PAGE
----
December is not the best time to revise the key policy rate due to heightened uncertainty regarding budget deficit financing, the MPC members said. The increase in budget expenditures at the end of the year may put more pressure on the FX market. However, the MPC members also discussed an assumption that with interest rates across the world continuing to be low, foreign demand for Ukrainian hryvnia government bonds may increase in 2021. This may strengthen the hryvnia and decrease the yields on domestic government debt securities, bringing them closer to the key policy rate.
The baseline macroeconomic scenario looks rather realistic, so it is advisable to follow the key policy rate forecast published in the October 2020 Inflation Report, three MPC members said. The NBU projected that inflation would accelerate at the end of the year and also expected a certain tightening of quarantine restrictions and the realization of fiscal risks in terms of financing the state budget deficit, one of the three MPC members emphasized.
Inflationary pressures from outside the country could also increase, another MPC member suggested. Further recovery in the global economy will be accompanied by rising prices for fuel, grain, metals, and other commodities. This factor will play an important role in inflation developments in H2 2021, when vaccination is likely to have a significant effect on reducing the prevalence of disease in the world, this MPC member said. In addition, the increase in production costs, including due to higher wages, may be reflected in consumer prices at the beginning of the year.
Another MPC member pointed out that wages and retail trade were growing rather rapidly, generating inflationary pressures. At the same time, he doubted that such a strong trend would continue, as businesses would be reluctant to raise salaries during the crisis amid excess labor and weak demand for certain goods and services.
Several participants discussed the choice between maintaining and lowering the key policy rate. The NBU has reason to be proactive and ease its monetary policy in view of the expected tightening of the quarantine and the respective cooling of business activity and consumer demand, these MPC members said. However, the key arguments in favor of keeping the key policy rate unchanged were the acceleration of inflation in November and the softer-than-expected quarantine restrictions the government said it would impose in January. These restrictions may have relatively marginal effects on economic activity.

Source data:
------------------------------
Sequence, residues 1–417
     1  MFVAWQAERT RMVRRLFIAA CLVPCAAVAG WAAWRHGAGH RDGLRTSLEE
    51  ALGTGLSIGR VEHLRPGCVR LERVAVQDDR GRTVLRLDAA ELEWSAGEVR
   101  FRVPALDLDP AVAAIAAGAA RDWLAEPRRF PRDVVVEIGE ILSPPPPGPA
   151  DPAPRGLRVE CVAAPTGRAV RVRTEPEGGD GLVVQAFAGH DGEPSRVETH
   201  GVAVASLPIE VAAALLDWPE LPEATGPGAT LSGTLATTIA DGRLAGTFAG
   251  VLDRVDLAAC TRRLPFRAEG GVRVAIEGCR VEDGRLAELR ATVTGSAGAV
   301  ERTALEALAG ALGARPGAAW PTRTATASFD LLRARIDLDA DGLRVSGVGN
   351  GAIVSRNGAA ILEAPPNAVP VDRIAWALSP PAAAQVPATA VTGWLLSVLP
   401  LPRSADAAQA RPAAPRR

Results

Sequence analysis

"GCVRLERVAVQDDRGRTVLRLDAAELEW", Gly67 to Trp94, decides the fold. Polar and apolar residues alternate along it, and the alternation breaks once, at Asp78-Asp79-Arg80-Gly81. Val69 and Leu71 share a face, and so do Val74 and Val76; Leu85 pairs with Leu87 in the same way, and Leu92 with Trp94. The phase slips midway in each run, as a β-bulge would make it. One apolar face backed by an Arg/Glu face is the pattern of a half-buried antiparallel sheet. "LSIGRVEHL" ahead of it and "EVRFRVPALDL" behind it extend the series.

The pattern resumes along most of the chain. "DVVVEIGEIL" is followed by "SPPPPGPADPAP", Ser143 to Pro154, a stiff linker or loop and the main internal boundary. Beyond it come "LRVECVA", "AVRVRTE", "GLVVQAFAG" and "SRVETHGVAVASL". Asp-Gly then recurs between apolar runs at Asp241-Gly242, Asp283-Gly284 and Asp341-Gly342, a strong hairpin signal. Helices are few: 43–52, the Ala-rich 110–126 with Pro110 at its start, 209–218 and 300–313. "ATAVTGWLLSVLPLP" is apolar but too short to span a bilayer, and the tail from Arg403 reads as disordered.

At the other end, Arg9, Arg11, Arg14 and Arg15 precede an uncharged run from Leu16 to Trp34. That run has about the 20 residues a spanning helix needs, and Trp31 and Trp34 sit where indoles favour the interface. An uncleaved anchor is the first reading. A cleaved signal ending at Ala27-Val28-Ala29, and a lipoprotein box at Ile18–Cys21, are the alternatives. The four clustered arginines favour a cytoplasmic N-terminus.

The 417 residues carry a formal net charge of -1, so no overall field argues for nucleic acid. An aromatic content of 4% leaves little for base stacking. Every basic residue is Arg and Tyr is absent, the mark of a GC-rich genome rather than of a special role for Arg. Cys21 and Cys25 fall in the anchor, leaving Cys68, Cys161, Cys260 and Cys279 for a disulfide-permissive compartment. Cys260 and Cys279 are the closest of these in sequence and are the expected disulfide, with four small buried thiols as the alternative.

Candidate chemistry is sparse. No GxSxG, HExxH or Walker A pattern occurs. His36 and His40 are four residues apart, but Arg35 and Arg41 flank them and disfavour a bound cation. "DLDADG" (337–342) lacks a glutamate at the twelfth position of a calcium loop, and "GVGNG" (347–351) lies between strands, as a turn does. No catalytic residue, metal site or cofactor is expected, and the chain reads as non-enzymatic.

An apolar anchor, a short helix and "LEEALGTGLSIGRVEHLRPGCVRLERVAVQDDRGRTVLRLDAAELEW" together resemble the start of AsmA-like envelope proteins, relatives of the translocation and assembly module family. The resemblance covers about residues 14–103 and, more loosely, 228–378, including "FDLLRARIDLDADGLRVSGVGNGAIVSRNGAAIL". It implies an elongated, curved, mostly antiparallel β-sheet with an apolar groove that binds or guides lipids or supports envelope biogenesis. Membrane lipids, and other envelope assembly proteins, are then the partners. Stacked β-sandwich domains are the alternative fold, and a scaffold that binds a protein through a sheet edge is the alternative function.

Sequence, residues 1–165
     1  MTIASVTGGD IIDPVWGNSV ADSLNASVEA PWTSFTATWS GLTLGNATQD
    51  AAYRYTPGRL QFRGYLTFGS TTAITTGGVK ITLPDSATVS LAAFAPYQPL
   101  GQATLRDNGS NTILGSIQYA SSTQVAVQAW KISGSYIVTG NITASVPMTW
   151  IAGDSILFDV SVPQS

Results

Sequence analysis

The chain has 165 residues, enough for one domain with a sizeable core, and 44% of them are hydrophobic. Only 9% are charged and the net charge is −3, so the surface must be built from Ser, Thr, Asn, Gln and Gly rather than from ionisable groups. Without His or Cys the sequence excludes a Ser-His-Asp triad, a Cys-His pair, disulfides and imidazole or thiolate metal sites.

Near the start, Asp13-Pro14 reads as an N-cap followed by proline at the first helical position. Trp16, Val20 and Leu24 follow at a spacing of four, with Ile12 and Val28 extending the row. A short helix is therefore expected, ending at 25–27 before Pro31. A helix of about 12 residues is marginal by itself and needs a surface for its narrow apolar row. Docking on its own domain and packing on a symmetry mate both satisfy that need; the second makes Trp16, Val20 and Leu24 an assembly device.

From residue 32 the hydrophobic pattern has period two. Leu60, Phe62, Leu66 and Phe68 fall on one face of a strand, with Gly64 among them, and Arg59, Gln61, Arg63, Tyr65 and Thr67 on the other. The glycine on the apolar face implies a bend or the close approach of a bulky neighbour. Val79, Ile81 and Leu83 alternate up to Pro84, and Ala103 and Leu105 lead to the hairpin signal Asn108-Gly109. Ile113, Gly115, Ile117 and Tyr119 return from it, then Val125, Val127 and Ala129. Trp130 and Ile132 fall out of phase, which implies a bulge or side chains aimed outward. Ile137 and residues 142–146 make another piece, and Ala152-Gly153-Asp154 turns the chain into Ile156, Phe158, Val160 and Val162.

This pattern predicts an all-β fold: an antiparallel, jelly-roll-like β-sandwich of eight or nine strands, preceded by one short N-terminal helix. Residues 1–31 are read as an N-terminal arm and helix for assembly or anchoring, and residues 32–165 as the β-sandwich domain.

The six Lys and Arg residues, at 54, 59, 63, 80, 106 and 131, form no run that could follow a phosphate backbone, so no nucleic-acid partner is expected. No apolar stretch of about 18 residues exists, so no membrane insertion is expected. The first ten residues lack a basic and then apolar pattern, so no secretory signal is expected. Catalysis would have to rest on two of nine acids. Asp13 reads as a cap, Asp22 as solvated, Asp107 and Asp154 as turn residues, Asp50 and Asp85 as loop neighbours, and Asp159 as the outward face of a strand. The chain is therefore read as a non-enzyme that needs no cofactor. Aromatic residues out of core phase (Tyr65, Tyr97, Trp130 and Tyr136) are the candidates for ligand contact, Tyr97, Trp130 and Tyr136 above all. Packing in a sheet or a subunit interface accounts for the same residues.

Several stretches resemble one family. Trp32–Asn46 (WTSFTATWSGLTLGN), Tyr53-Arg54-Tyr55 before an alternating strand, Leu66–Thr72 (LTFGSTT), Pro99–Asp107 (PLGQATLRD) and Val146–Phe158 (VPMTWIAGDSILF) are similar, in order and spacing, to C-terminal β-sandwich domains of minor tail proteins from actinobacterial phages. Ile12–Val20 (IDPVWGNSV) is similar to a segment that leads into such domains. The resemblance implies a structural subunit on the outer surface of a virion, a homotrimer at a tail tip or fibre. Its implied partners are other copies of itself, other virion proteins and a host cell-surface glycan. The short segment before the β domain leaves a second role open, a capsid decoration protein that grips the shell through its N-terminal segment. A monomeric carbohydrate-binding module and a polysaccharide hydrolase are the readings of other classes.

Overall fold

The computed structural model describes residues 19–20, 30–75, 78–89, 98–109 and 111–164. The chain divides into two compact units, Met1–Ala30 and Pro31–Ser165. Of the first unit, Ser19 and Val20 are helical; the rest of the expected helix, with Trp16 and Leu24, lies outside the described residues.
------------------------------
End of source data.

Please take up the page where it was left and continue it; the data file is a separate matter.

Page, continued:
The MPC members were divided over the projected trajectory of the key policy rate
The key policy rate could be raised in 2021, most MPC members admitted. As the economy recovers, inflationary dynamics will generally be in line with the basic macroeconomic scenario, they suggested. With that in mind, the NBU will have to tighten its monetary policy in 2021 to curb inflationary pressures. The projections of these MPC members regarding the key policy rate at the end of 2021 ranged from 6.5% to 7.5%, but were overall closer to the upper limit.
Meanwhile, several participants in the discussion said that the economy’s path to sustainable growth might be more difficult. The pandemic will hold back a steady recovery in business activity until large-scale vaccination begins. Under these conditions, inflationary pressures will ease, enabling the NBU to give the economy more support through a lower key policy rate. However, there is little room for further rate cuts – no more than 0.5 pp to 1 pp – these MPC members warned.
In general, the NBU should be ready to loosen its monetary policy at future meetings if the spread of COVID-19 follows a negative scenario, all participants in the discussion agreed. The trajectory of the key policy rate will also strongly depend on the real size of fiscal stimulus in 2021, they said.
The decision to keep the key policy rate at 6.0% per annum was approved by the NBU Board at the monetary policy meeting held on 10 December 2020.
The Monetary Policy Committee (MPC) is an NBU advisory body that was created to share information and opinions on monetary policy formulation and implementation, in order to deliver price stability. The MPC comprises the NBU Governor, other NBU Board members, and directors of the Monetary Policy and Economic Analysis, Open Market Operations, Financial Stability, and Statistics and Reporting Departments. The MPC meets the day before the NBU Board meeting on monetary policy issues. Decisions on monetary policy issues are made by the NBU Board.